In order to create the custom AWS Config resource, we must first register the configuration data, or schema, of the resource in the CloudFormation registry. To do this, I log into my AWS Cloud9 instance and execute the commands below:
1. You can use the
init command to create your resource provider project and generate the required files:
2. You will then be asked to enter a few details for the project. First enter “r” to indicate you are creating a new resource.
Initializing new project
Do you want to develop a new resource(r) or a module(m) or a hook(h)?.
3. You then give the resource type a name, enter
What's the name of your resource type?
4. Then you will select the language. For this example, we are using Python 3.7
Select a language for code generation:
(enter an integer):
Y when prompted to use Docker.
Important: Docker must be running in your environment or the resource will fail to register in subsequent steps.
Use docker for platform-independent packaging (Y/n)?
This is highly recommended unless you are experienced
with cross-platform Python packaging.
This will initialize the project in your current directory and create all the necessary files. You should see the following message on AWS Cloud9
Initialized a new project in /home/ec2-user/environment
6. Then you need to update the schema with one that will represent the custom resource for the account’s support level. This is accomplished by changing the contents of the default awscustom-account-supportlevel.json file that was generated during the
init process with the text below. Then save the file.
7. The command below is used to validate the syntax of the schema.
Resource schema is valid.
8. Run the command below to have the CFN-CLI generate the required files for registration. You should see the success message below.
Resource schema is valid.
Generated files for AWSCustom::Account::SupportLevel
Normally, you would register the extension at this point with the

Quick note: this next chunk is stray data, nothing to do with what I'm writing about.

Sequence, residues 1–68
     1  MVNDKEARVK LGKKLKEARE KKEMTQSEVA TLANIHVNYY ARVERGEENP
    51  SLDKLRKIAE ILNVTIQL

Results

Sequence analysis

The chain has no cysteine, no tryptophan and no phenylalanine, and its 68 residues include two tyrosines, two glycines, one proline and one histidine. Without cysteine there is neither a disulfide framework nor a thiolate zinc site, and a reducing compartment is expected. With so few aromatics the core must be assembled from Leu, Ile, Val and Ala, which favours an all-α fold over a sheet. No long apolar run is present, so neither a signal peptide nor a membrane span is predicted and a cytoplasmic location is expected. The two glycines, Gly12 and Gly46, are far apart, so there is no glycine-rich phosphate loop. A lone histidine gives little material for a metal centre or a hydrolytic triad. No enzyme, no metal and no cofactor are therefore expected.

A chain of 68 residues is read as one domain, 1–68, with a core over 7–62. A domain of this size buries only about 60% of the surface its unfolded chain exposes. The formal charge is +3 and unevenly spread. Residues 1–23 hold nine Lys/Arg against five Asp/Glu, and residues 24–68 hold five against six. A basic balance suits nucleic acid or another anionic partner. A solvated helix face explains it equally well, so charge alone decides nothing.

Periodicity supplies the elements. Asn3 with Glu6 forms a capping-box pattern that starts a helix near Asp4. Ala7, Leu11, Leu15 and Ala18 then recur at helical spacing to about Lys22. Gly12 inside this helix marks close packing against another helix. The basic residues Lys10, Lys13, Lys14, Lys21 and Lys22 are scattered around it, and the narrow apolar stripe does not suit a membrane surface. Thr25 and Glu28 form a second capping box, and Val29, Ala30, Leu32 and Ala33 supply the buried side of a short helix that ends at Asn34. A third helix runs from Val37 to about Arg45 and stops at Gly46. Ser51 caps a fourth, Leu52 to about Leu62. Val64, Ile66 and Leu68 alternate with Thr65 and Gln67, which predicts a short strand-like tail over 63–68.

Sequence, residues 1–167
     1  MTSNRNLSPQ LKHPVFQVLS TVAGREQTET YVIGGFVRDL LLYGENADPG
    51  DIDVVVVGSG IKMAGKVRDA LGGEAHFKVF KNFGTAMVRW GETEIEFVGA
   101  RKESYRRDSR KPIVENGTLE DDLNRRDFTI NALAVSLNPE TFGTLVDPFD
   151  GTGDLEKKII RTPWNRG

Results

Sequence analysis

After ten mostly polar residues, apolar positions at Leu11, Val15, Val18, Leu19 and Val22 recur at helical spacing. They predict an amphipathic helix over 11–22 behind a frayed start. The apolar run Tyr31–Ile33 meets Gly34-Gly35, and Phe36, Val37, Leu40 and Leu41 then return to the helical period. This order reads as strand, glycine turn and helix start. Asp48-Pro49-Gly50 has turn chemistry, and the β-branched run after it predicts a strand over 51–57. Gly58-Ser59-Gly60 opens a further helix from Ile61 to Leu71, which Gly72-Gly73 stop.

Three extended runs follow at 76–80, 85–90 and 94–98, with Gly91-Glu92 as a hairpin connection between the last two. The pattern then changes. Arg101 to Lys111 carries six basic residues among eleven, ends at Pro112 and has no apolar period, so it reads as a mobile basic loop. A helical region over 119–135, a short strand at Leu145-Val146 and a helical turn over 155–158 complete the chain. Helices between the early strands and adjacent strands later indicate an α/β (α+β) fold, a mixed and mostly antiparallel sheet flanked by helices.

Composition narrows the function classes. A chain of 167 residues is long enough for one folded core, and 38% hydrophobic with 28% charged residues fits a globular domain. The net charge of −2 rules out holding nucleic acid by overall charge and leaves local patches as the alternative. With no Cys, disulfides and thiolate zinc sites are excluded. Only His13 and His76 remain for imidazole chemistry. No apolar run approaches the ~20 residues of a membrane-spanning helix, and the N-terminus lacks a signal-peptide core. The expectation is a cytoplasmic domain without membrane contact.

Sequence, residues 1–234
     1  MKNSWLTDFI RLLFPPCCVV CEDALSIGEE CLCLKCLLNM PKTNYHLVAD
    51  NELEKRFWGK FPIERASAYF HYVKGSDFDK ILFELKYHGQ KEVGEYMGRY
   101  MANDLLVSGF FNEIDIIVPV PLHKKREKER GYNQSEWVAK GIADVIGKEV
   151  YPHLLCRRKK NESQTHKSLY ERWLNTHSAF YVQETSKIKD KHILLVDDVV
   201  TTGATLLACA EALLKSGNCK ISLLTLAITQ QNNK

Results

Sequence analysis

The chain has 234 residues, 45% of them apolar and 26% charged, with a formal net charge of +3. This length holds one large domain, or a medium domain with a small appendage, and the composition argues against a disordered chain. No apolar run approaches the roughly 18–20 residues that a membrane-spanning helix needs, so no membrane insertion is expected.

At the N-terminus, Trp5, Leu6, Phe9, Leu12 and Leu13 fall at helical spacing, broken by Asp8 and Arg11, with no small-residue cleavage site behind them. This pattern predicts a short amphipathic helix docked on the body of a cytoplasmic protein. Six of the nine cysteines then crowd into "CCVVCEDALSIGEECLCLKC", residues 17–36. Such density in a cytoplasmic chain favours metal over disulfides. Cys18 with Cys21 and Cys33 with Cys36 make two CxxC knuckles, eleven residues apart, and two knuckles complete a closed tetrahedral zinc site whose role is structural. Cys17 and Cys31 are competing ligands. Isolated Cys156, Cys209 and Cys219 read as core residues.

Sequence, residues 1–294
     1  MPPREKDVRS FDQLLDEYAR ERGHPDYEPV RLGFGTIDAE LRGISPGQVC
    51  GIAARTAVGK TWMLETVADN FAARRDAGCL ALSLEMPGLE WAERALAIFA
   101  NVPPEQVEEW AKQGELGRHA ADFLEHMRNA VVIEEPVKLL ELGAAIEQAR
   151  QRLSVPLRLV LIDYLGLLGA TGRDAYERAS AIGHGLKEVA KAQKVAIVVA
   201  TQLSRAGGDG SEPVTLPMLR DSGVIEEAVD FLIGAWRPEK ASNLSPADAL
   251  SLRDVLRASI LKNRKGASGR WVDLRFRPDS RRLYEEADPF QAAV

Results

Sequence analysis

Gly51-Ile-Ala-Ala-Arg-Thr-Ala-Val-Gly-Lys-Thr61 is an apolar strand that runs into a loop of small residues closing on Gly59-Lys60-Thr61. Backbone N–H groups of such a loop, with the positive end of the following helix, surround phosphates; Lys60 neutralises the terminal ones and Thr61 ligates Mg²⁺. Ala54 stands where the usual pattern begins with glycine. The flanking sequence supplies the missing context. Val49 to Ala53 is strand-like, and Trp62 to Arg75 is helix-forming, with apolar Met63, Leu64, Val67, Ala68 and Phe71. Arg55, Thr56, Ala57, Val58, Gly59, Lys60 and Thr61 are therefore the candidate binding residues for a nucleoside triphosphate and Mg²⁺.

cfn submit command. However, since we need to deploy the extension to multiple accounts, we first need to generate the extension project package that contains the necessary files for the extension you want to register. This will allow us to reference its location when deploying it. If your home region is not Northern Virginia, we recommend also passing the
--region us-east-1 command below to point to the global endpoint of AWS Support. Run the following command:
cfn submit --dry-run --region us-east-1
This command will take a few minutes since a Docker image needs to be pulled. Once the command is done, you should end up with a zip file.
Resource schema is valid.
Starting Docker build. This may take several minutes if the image 'lambci/lambda:build-python3.7' needs to be pulled first.
Dry run complete: /home/ec2-user/environment/awscustom-account-supportlevel.zip
Deploy the AWS Config rule and the custom configuration item across the Organization
Now that we have the project package for the CloudFormation private extension there are two steps needed to make it available across the Organization so AWS Config can leverage it for its custom configuration item. First, we will store the zip file on Amazon Simple Storage Service (S3) so we can reference it in our CloudFormation template when we deploy the extension. Second, we will deploy the template via StackSets.
We will create an S3 bucket from our AWS Cloud9 environment so we can easily copy the zip file to it. Your AWS Cloud9 instance will require credentials to interact with Amazon S3 to create a bucket and copy the zip file we generated. By default, the service will leverage the credentials of the currently logged-in user to interact with other AWS services. If you don’t have enough permissions to do the task below, we recommend leveraging an instance profile in you AWS Cloud9 environment.
Run the command below to create a bucket, we recommend using a dedicated bucket for this task as we will update its permissions policy.
aws s3api create-bucket --bucket your_bucket_name
Then you will copy the zip file that you just generated to this S3 bucket
aws s3 cp awscustom-account-supportlevel.zip s3://your_bucket_name
We will update the S3 bucket policy so that this object can be downloaded from only a specific role in your accounts as part of the CloudFormation StackSet deployment. StackSets have two permission models, either self-managed or service-managed. For this example, we will be leveraging service-managed permissions as we can leverage a Service-Linked Role (SLR) created by the AWS Identity and Access Management (IAM) service. Take a look at the Organizations documentation to learn more about how CloudFormation StackSets leverages SLRs.